On the Lyric Essay « Ben Marcus

Lyric Essay is written in a neo-romantic style. It is a slow, reflective work with much opportunity for musical expression. This version was adapted from the concert band edition by the composer for woodwind quintet and piano.

--Deborah Tall, Editor and John D'Agata, Associate Editor for Lyric Essays

Given its genre mingling, the lyric essay often accretes by fragments, taking shape mosaically - its import visible only when one stands back and sees it whole. The stories it tells may be no more than metaphors. Or, storyless, it may spiral in on itself, circling the core of a single image or idea, without climax, without a paraphrasable theme. The lyric essay stalks its subject like quarry but is never content to merely explain or confess. It elucidates through the dance of its own delving.

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D’Agata, John, and Deborah Tall. “The Lyric Essay.” Seneca Review. Web. 5 May 2012.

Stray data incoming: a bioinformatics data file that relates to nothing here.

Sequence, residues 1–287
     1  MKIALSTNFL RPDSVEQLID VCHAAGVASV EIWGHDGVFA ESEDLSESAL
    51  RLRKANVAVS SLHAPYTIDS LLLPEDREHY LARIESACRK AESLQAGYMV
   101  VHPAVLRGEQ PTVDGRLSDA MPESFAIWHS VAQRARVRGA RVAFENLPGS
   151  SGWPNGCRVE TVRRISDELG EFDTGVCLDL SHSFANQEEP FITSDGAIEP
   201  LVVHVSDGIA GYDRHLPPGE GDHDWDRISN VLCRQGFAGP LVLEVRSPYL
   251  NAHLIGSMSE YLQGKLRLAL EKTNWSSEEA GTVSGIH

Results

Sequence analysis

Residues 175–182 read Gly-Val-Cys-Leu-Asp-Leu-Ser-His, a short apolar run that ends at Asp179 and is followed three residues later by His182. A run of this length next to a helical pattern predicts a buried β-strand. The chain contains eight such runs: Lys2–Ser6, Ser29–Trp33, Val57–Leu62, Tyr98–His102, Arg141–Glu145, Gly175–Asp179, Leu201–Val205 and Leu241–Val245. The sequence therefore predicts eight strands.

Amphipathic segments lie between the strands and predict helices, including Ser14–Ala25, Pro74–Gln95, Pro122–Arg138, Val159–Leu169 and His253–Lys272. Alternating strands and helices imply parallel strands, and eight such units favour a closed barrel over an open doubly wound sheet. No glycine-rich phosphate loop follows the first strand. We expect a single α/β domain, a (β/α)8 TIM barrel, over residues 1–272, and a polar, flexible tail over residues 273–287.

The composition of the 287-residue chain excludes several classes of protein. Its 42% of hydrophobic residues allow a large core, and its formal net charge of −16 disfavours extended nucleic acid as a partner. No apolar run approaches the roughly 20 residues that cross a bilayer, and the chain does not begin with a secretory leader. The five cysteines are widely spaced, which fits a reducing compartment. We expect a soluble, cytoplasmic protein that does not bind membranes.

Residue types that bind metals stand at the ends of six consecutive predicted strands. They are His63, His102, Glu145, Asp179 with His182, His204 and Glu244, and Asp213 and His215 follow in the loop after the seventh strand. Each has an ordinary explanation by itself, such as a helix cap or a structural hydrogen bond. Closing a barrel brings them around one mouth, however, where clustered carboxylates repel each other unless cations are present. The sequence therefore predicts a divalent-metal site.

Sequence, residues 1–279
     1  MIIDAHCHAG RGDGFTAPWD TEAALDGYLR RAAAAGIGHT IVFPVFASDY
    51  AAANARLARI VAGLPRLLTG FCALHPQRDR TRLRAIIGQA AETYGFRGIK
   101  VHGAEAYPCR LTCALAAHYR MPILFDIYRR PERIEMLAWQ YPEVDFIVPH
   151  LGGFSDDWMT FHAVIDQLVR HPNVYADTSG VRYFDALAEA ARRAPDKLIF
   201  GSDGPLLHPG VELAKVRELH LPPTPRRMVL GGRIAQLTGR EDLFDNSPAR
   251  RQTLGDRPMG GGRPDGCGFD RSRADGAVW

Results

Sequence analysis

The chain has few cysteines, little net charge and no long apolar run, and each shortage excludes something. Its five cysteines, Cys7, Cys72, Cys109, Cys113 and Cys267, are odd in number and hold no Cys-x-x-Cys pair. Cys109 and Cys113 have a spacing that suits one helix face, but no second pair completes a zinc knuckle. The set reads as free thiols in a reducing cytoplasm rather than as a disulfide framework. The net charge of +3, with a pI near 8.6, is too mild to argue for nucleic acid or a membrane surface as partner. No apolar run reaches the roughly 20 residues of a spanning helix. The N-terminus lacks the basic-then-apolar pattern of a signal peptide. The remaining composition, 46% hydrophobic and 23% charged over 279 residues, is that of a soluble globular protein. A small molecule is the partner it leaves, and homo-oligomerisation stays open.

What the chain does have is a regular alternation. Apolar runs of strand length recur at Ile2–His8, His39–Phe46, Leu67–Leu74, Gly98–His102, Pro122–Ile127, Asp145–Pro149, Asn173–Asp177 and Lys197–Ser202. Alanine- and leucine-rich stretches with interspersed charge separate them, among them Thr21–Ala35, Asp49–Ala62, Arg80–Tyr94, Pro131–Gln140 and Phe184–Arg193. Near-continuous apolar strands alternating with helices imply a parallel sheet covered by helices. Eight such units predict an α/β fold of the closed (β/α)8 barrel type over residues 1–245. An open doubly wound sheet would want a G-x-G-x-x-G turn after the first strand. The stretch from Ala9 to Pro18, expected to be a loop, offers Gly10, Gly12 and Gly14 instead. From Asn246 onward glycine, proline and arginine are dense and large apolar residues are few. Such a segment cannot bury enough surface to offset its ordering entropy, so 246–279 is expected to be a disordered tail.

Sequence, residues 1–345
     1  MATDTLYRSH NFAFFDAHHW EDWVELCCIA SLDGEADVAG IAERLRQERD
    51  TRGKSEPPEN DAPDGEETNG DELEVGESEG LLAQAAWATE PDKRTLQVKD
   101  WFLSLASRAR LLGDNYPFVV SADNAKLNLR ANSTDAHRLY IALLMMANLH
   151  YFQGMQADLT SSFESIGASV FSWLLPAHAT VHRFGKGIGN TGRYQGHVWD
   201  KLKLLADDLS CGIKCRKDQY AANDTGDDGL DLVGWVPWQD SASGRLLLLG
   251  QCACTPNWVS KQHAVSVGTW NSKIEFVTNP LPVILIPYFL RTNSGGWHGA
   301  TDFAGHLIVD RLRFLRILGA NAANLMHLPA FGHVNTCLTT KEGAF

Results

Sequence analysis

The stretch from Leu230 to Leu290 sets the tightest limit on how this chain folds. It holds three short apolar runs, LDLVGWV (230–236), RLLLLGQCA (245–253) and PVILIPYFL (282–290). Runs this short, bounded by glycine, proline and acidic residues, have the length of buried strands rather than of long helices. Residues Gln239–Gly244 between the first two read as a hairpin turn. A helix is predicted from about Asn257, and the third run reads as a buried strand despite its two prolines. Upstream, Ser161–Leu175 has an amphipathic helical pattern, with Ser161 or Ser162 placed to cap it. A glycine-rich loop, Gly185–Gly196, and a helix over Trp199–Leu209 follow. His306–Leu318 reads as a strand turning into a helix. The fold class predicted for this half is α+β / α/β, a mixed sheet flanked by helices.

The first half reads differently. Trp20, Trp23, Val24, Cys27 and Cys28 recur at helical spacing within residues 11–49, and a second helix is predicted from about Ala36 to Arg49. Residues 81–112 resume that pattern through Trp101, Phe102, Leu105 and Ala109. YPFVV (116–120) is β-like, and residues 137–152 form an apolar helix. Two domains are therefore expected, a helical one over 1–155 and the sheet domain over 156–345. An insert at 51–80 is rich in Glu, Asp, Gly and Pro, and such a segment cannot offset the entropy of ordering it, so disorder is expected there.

Emma Nelson describes Julie Marie Wade's book Small Fires, a book of lyric essays, using the following language, which is a good example of how lyric essays are usually categorized: "Julie Marie Wade’s tells a similar story of her own time capsules that, much like the essays themselves, preserve self and childhood memories. Small Fires, a book of lyric essays, seamlessly incorporates Kantian philosophy, 1980s popular culture, and poetic explorations of words and meanings. Wade’s word choices and descriptions are impeccable, leading her reader on a rhythmic walk through the landscape of life as she explores what we give up to become who we are. Her exquisite language is not limited to word choice, however, but expands to the ways she plays with ordinary words and ideas such as waffle: a breakfast food or a verb “to switch back and forth between possibilities,” she writes, and camouflage as a metaphor for hiding who we are. Wade plays with the ideas, sounds, and feelings of words in a way that only a true poet can, sounding like a woman who not only loves language, but one who knows language well."